- Stay in touch: It can be tricky to walk the line between maintaining connection with your child and giving them space they need at this age. Email, letters, care packages, and phone calls from home can help fight homesickness. Express interest in your child’s experiences at school, and ask them about classes, activities, and friends. If your budget allows, a little spending money, or a gift card in a small amount from a local store, can help your student get a special meal off-campus or pick up a small specialty item to brighten up their day.
- Ask them what they need from you: When you are not sure what to do, it’s okay to ask your child what they need from you at that moment. They may want you to just listen, for example, while they “vent” about something, without having you respond or be “helpful”; perhaps they need sympathy, a hug, a visit, a phone call, or some distance.
- Get the support you need: This can be a confusing time, and may even sometimes feel like a bit of an emotional
roller-coaster. One day your child may reach out for your support, the next day reject
any offer of help. You may find yourself having many different feelings, such as relief
when your child leaves home for college, anxiety about things they are experiencing,
sadness and loss about being separated from them, etc. These are all natural reactions,
and won’t last forever. Meanwhile, stay in touch with your own supportive friends
and relatives. Talk with other parents who have been, or who are now going through,
the same thing. Take good care of yourself, including doing things you enjoy, getting
adequate rest and nutrition, exercising, and using health coping skills to manage
Protecting Your Child’s Mental Health
How can counseling services help parents?
- Counselors are available to speak with parents by phone or in person by appointment, regarding concerns or questions they may have about their son or daughter.
- Counselors can answer questions regarding the specific services the center offers.
- Counselors can help parents obtain referrals to clinicians and resources within the community.
- If you would like a counselor to contact your student, you can fill out a referral form.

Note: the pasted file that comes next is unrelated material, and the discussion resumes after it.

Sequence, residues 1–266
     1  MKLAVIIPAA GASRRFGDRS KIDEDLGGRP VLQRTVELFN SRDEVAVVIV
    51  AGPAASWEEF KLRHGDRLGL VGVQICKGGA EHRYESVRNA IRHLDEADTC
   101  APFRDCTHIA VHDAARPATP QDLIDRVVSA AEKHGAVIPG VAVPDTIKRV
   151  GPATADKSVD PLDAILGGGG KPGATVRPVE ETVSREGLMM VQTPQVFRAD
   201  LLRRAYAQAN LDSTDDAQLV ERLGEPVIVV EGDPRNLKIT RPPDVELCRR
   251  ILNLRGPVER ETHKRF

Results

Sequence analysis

What services are offered?
- Individual counseling
- Couples counseling
- Family counseling when appropriate
- Psychiatric consultation when appropriate
- Psychotropic medication management when appropriate
- Educational programs and outreach
- Substance abuse evaluations
- Drug and alcohol education
- Crisis intervention
- Office of Disability Services
- Practicum/Internship opportunities
What do services cost?
- All services are free to enrolled Texas Southern University students
What about confidentiality?
- Confidentiality is an important component of counseling relationships
- All services provided to students are confidential
- Laws prevent therapists from sharing information regarding a student’s counseling without the student’s permission
- Confidentiality doesn’t prohibit therapists from discussing ways parents can be helpful to their son or daughter with issues they may be facing.
What are some resources for parents of college students?
Don’t Tell Me What To Do, Just Send Money by Helen E. Johnson and Christine Schelhas-Miller
Letting Go: A Parent’s Guide to Understanding the College Years by Karen Levin Colburn and Madge Lawrence Treeger
- University Counseling Center (713)313-7804
- Student Health Center (713)313-7173
- Dean of Students Office (713)313-1038
- Office of Judicial Affairs (713)313-7956 or (713)313-6816
- Office of Disability Service (713)313-7691 or (713)313-4210
- TSU Police Department (713)313-7000
- Crisis Center Hotline (713)HOTLINE